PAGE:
Roil Model –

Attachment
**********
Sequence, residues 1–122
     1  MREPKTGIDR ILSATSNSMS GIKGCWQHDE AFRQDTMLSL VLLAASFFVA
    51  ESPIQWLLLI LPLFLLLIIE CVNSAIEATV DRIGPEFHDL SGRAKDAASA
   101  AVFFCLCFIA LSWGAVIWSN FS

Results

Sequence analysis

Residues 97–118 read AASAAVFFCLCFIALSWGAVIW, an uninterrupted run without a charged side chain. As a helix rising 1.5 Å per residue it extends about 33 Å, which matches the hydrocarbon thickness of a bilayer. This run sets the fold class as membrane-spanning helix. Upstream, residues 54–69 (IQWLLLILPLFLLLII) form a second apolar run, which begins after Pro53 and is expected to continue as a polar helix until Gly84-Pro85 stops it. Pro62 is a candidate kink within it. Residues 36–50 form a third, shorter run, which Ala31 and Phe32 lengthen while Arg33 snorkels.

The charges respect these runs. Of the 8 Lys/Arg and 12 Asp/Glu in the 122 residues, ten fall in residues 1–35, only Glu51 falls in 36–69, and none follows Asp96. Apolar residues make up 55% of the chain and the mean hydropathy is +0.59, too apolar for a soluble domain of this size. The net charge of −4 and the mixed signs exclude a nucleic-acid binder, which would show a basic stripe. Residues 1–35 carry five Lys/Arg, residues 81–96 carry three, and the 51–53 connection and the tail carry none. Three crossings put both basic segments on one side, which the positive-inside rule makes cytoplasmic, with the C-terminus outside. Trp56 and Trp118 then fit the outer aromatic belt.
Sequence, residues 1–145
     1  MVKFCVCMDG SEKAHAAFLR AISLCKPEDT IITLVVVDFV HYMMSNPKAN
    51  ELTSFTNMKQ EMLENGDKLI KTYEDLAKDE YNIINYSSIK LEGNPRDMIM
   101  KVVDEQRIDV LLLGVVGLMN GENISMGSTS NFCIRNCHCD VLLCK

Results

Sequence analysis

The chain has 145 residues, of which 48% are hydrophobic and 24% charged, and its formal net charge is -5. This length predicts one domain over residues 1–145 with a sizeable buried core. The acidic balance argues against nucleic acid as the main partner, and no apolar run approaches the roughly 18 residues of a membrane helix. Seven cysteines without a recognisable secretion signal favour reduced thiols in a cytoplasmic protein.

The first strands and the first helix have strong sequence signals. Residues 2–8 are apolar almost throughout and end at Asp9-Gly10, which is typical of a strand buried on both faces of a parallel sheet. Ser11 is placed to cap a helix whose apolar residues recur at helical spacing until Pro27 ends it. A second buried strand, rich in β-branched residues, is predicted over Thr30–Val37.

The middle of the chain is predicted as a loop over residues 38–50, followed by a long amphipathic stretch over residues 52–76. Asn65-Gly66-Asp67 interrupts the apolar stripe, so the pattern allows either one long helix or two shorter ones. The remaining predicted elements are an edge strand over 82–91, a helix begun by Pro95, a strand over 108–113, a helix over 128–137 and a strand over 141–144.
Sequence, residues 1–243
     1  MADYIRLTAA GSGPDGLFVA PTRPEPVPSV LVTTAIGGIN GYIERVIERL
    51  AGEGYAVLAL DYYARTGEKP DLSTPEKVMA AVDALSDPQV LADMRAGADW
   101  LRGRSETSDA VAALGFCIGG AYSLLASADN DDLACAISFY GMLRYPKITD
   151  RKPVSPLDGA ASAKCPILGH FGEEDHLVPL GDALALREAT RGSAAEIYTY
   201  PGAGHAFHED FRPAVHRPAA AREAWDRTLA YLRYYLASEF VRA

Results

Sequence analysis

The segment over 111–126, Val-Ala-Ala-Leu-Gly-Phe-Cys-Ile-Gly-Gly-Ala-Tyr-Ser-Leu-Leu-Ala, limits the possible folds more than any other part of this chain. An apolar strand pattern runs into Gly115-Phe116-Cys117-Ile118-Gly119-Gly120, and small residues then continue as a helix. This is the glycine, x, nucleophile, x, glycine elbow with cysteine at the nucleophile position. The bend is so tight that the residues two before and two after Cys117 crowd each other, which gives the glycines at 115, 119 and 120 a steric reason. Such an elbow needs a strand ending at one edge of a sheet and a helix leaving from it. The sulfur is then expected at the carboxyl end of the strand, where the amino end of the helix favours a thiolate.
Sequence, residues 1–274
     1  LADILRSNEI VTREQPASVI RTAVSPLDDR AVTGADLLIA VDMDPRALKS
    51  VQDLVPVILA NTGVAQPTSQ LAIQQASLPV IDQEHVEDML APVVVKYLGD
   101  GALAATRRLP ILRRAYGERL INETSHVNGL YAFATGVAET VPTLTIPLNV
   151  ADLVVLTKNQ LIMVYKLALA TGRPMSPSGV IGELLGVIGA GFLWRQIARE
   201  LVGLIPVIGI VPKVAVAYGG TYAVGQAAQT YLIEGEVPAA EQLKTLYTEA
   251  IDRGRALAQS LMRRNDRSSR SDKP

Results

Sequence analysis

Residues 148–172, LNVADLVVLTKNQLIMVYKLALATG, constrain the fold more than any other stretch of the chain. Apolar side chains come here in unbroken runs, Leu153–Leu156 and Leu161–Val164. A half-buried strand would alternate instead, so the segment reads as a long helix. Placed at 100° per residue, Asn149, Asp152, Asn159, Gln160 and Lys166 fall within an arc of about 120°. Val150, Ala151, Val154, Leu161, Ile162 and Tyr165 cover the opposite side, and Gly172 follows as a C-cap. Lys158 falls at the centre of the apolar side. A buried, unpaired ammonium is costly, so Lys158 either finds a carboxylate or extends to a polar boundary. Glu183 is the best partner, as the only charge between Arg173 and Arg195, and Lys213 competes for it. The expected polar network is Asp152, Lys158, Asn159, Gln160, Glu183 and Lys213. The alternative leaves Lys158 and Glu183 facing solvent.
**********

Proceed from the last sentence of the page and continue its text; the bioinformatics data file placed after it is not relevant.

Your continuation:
Jan. 26, 2018 – Mr. Azimi had texted her just that morning: “These next few months will probably be difficult because I know you’re sick. Everything is going to work out and we’re going to have a good future.” By nightfall that day, she would be frantic, calling her husband 37 times with no response. A strange car would pull up to the house as midnight approached. Police detectives. “It can’t be him!” she shouted. Some addicts die in plain view, their years of drug use ravaging their bodies and upending their lives, like a long siege. Mr. Azimi’s addiction was more like a sleeper cell. It took seed as a teenager, and those around him sought to stomp it dead, but it loomed, largely dormant. It hid behind the broad smile he flashed for photographs, the ones of the family man with the house and the yard. “I believed he was sober for the vast majority of our marriage,” Ms. Azimi said. “I never saw drug paraphernalia. I don’t even know what heroin looks like.” He shared his past addiction sparingly to new friends, telling them only some of his troubles as a teenager in Bedford, N.Y., when he began drinking and using drugs.
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